Does the volatility of a Currency Pair depend on the currency in which the premium is paid? For example- will the Volatility of USDJPY change if the premium is paid in USD instead of JPY. Is there any mathematical formulation for this?

It depends, on what you mean by returns. For simple returns: no, for log returns yes. To recap, simple returns are given by $$R_\textrm{simple} = \frac{P_{t+1}}{P_t}-1$$ and log returns are given by $$R_\textrm{log} = \log \left(\frac{P_{t+1}}{P_t}\right).$$ The rate of change is given by $$R = \frac{P_{t+1}}{P_t}.$$

A percentage increase in one currency of a pair, implies a decrease in the other of the same size, so $$R^\textrm{USDJPY} = \frac{P_{t+1}}{P_t} = x$$ implies $$R^\textrm{JPYUSD}\frac{P'_{t+1}}{P'_t} = \frac{1}{x}$$ where $$P'_t$$ is the reverse rate.

In words, if EURUSD is trading at 1.20 today and at 1.212 tomorrow the return from a USD perspective is $$1.212 / 1.20 - 1 = 1\%$$ as today the USD holder was holding 120 cents of USD and tomorrow he would be holding 1.212 cents of USD. On the other hand, from a EUR perspective the loss is $$1.20 / 1.212 - 1 = -0.99\%$$.

We can now do a simple experiment to get a feeling of the volatility for these types of returns in R:

> # Simple returns
> set.seed(1)
> returns <- rnorm(10, 1, 0.01) # One added back to R_simple
> returns
[1] 0.9937355 1.0018364 0.9916437 1.0159528 1.0032951 0.9917953 1.0048743
[8] 1.0073832 1.0057578 0.9969461
> sd(returns - 1)
[1] 0.00780586
> sd(1/returns - 1)
[1] 0.007769419


Clearly, the volatility of simple returns is not the same. Using the same sample suggests that the volatility of the log returns is equal:

> sd(log(returns))
[1] 0.0077874
> sd(log(1/returns))
[1] 0.0077874


This can be shown to always hold with $$x$$ defined as above. The log returns for $$P_t$$ and $$P'_t$$ are then given by $$\log(x)$$ and \begin{align} \log(1/x) &=\log{1} - \log{x} \\ &= -\log{x} \end{align}

The standard deviation of sample is equal to standard deviation of the mirrored around its mean.

• I think in your last code block, you meant to type sd(log(1/returns)) for the second command -- though that does not affect the answer. Jul 31 '20 at 21:56
• Thanks, fixed it! Aug 1 '20 at 5:39

If you're modelling the FX rate as a geometric brownian motion and asking whether the volatility depends on whether you model the rate or the inverse rate, then the answer is no - and we can demonstrate it using Ito's lemma

Assuming the rate $$X$$ obeys \begin{align} {\frac {dX} X} = rdt + \sigma dW \end{align}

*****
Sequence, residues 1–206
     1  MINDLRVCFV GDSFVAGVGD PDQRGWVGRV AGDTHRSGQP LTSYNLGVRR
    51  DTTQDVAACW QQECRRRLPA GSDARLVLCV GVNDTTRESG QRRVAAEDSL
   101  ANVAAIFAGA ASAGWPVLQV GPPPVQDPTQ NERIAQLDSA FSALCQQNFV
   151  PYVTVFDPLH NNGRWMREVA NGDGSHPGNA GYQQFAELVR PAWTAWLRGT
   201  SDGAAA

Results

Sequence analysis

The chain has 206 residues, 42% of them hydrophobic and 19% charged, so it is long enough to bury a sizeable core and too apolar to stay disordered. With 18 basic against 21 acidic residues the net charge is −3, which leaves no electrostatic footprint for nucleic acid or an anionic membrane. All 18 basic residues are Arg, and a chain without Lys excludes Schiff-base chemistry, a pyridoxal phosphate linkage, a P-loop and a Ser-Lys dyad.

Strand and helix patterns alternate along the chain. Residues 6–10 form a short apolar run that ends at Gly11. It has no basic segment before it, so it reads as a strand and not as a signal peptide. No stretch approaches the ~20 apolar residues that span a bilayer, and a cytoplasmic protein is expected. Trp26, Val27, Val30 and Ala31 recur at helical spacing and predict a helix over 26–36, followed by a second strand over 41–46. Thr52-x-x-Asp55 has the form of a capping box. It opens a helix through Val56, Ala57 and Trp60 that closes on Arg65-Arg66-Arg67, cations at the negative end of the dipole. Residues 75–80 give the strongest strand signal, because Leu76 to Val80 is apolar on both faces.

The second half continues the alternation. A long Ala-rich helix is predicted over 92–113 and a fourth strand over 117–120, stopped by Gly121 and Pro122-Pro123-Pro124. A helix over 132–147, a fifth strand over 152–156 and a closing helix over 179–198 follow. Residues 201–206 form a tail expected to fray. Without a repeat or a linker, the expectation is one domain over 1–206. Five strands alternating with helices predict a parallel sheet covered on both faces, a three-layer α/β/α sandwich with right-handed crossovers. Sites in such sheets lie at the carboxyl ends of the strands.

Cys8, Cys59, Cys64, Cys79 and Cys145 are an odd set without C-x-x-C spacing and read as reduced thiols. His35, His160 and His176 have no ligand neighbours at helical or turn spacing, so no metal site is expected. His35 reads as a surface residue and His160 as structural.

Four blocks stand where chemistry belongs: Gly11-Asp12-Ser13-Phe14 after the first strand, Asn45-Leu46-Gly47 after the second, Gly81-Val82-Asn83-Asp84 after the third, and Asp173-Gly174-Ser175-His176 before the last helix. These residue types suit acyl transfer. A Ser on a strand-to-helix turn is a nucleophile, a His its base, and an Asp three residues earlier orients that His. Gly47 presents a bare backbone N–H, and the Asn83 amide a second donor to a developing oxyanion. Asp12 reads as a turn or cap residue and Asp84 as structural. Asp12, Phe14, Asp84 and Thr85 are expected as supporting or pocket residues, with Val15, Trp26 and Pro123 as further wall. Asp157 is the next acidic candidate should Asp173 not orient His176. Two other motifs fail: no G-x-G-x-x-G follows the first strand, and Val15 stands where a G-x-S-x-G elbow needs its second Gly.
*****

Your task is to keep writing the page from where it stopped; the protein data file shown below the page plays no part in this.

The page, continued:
for some rate $$r$$ and volatility $$\sigma$$, lemma says that for a function $$f(X,t)$$

\begin{align} df = \Bigl( {\frac {\partial f} {\partial t}} + r X {\frac {\partial f} {\partial X}} + {\frac {\sigma^2 X^2} 2} {\frac {\partial^2 f} {\partial X^2}} \Bigr) dt + \sigma {\frac {\partial f} {\partial X}} dW \end{align}

Substituting in $$f(X,t) = {\frac 1 X}$$, we get

\begin{align} d{\frac 1 X} &= \Bigl( rX {\frac {-1} {X^2}} + {\frac {\sigma^2 X^2 } 2} {\frac {2} {X^3}} \Bigr) dt - \sigma X {\frac {1} {X^2}} dW\\ &= - {\frac 1 X} \Bigl( \bigr(r - \sigma^2 \bigl) dt + \sigma dW\Bigr) \end{align}

So the inverse process $${\frac 1 X}$$ also follows a geometric brownian motion, with a drift of $$-r + \sigma^2$$ and a volatility of $$\sigma$$ (ie. the same volatility as $$X$$)

• You are missing a final measure change here to bring everything into alignment - as the sde you have written is still under the domestic numeraire and not the foreign numeraire. A 1 year outright forward on USDEUR is just the inverse of 1 year outright on EURUSD. There is no convexity adjustment required. Sep 16 '20 at 22:51
• In domestic currency, for GBM the inverse contract is volatility-dependent. This shouldn't be so surprising - we need a vol correction term to make sure the expectations match, otherwise large-vol pairs would have inflated forwards due to the exponential. Sep 16 '20 at 23:53
• Sure, as long as we all can agree that there is no fx volatility information available in fx forward prices. A USD investor looking at a EUR/USD fwd would see a drift of libor-euribor for example while a eur investor looking at a USD/EUR fwd would see a drift of euribor-libor. Sep 17 '20 at 10:38
• Agreed - the misleading post where I implied the opposite has been deleted. Sep 17 '20 at 10:45

As a general rule of thumb, the price of a thing should not depend intrinsically in the units of value in question. Since quoting something in X per 1 unit of a base currency or 1/X per 1 unit of counter currency happen to be questions revolving around units, the price of an option should not depend on that choice. The entire area of measure change and looking at different numeraires is effectively this simple fact taken to its logical conclusion.